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FTC Targets Car Maker–and its Advertising Agency–for Deceptive Demonstration


Recent Happenings in APRM
January 2014

The Federal Trade Commission's efforts to combat privacy issues and scrutinize weight loss product claims have generated substantial buzz as of late. But for anyone thinking the FTC has eased off on traditional advertising issues, its recent settlement with Nissan North America, Inc. and TBWA Worldwide, Inc.should serve as a wake-up call.    

The Nissan Complaint

The FTC brought its complaint against Nissan and its advertising agency in connection with a television commercial depicting a Nissan Frontier pick-up truck scaling a steep sand dune with ease to rescue a stranded dune buggy. The commercial was styled as if someone had recorded the truck's ascent on a mobile phone, and included amazed gasps from onlookers as one might expect to find in a viral "YouTube" video. 

In reality, the truck was dragged to the hill top by cables, and was incapable of pushing the dune buggy over the hill. Additionally, the actual hill was not as steep as it appeared in the commercial. A subtitle at the start of the commercial stated: "Fictionalization. Do not attempt." Nonetheless, the FTC's complaint alleged that the advertisement falsely represented the performance capabilities of the Nissan Frontier truck.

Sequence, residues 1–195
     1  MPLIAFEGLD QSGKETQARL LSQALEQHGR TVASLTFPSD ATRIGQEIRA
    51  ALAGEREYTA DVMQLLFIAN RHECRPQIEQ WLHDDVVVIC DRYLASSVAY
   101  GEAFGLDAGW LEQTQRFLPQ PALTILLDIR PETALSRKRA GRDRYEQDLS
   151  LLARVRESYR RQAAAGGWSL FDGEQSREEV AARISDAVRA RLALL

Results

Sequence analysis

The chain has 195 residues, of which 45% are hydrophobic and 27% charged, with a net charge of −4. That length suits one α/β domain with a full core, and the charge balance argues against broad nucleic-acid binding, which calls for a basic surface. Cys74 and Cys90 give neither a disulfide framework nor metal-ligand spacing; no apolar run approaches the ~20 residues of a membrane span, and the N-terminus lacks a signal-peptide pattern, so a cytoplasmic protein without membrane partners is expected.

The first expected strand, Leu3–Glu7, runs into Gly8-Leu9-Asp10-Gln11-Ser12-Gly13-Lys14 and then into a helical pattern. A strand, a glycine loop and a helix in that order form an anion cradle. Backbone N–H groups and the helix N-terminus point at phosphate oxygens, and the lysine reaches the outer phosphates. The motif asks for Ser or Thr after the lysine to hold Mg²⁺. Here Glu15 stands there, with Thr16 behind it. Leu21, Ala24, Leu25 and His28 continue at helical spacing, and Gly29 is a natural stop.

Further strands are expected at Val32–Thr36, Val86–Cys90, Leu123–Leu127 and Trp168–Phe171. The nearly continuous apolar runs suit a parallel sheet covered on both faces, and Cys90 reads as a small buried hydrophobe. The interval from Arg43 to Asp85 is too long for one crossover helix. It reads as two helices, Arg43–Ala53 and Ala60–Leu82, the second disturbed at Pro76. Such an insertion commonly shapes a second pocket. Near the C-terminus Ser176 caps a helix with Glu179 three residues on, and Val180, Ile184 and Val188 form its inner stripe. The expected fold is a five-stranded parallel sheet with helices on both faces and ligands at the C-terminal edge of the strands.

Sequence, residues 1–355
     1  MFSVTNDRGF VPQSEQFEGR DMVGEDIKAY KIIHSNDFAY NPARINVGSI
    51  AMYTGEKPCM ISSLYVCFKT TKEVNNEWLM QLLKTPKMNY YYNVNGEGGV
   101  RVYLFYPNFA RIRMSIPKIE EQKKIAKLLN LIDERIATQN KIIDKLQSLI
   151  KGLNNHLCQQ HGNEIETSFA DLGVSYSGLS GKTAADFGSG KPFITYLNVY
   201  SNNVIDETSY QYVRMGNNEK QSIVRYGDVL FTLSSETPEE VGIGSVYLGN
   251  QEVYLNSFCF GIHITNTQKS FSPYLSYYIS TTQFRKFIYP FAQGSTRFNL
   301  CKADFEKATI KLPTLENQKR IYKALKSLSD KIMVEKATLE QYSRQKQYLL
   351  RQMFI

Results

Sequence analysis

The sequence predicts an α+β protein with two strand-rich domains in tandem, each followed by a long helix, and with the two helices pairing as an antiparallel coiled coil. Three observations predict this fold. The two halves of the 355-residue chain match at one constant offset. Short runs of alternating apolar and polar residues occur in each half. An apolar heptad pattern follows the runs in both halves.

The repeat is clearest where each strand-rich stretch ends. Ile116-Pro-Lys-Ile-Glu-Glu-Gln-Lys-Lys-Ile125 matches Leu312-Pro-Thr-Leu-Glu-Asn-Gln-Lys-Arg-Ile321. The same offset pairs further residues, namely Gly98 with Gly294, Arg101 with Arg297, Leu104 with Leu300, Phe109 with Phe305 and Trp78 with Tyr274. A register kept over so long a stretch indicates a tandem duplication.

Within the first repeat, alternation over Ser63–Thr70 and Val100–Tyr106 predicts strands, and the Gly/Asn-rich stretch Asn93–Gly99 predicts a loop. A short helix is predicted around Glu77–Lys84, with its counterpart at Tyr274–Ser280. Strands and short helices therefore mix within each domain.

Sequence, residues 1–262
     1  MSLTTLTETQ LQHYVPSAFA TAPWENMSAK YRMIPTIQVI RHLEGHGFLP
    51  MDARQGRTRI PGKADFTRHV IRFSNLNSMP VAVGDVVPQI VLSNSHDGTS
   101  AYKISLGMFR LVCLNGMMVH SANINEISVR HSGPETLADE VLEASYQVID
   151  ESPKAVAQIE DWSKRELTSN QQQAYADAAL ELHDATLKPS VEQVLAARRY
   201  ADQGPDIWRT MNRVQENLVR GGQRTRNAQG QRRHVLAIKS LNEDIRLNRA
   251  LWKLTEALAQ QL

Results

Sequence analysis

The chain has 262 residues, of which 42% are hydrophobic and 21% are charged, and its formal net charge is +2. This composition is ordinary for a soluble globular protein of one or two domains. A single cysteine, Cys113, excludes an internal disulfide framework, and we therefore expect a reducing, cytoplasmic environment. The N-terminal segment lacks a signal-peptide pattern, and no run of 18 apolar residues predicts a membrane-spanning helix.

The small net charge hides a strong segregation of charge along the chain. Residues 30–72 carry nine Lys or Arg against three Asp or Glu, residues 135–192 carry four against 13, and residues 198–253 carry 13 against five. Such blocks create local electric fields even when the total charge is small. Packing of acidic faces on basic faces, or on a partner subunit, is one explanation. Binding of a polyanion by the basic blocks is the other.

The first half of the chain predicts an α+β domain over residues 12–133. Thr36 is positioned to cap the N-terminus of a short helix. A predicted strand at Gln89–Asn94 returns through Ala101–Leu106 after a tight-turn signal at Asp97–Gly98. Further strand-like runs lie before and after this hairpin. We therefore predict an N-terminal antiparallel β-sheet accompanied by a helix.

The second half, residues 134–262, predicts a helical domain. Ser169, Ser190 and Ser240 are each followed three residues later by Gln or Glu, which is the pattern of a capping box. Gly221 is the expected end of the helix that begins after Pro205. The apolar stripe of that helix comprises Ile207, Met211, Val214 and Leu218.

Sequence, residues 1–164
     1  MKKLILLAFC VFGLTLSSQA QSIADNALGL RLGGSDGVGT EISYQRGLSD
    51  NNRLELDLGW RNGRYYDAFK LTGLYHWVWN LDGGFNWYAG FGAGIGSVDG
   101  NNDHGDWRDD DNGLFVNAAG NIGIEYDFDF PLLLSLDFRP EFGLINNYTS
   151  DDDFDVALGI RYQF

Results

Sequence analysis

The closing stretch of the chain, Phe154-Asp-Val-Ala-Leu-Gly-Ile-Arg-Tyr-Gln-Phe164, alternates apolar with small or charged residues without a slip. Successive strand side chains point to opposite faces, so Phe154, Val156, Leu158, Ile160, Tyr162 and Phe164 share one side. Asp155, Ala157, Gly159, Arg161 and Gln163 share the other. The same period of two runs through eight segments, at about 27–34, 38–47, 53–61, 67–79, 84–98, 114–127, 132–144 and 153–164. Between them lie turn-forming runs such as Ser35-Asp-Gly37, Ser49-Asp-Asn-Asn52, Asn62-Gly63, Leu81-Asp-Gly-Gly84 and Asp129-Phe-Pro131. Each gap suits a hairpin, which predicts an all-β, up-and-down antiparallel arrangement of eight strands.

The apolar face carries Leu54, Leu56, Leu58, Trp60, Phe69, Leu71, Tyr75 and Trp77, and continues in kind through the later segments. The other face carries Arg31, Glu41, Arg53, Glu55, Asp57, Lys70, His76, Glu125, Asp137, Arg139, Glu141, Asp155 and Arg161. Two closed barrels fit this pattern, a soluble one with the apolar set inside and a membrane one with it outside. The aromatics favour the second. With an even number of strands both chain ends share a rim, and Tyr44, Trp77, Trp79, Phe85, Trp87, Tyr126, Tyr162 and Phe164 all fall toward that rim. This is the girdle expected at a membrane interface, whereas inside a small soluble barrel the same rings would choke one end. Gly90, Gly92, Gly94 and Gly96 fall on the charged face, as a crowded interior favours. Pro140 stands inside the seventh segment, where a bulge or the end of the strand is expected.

If Your Company Is "Going Viral," Disclaimers Aren't A Cure-All

The FTC brought the complaint against Nissan and its agency even though the ad contained a disclaimer. Nissan's commercial is one of a recent wave of advertisements attempting to recreate the appearance (and shock value) of a viral video. This settlement should cause advertisers to pause before assuming that a disclaimer will cleanse deception from a fake demonstration or contrived "viral" video. By pursuing an "old fashioned" deceptive advertising claim, the FTC is affirming that normal substantiation and deception principles apply, no matter how cutting-edge the advertising campaign.

Ad Agencies Are At Risk

Notably, the FTC took action against the agency that created the ad, in addition to Nissan itself. This was an unusual move by the FTC, potentially spurred by particular evidence in this case. The complaint against TBWA notes that "[r]espondent knew or should have known that the representation . . . was, and is, false or misleading." The very nature of this kind of advertisement, where special effects were used to manipulate the image to appear like a real viral video of the product in action, might implicate the involvement of an ad agency more than a traditional advertisement where true product performance capabilities might only be known to the product maker.

As part of the settlement, TBWA agreed to avoid misrepresenting pick-up truck qualities or features in advertisements through the depiction of tests, experiments or demonstrations for 20 years. FTC's order has the potential to seriously impact TBWA's future in automotive commercials. When choosing between agencies, auto makers might be wary of engaging TBWA because it is likely to be under additional scrutiny, or because TBWA may be hesitant to create aggressive commercials out of fear of more serious FTC reprisal. 

Cutting edge advertising can attract attention, but advertisers and their agencies who opt for too much drama, without adequate disclosure, may find themselves attracting the FTC's attention.

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For more information, please contact the professional(s) listed below, or your regular Crowell & Moring contact.

Christopher A. Cole
Partner – Washington, D.C.
Phone: +1 202.624.2701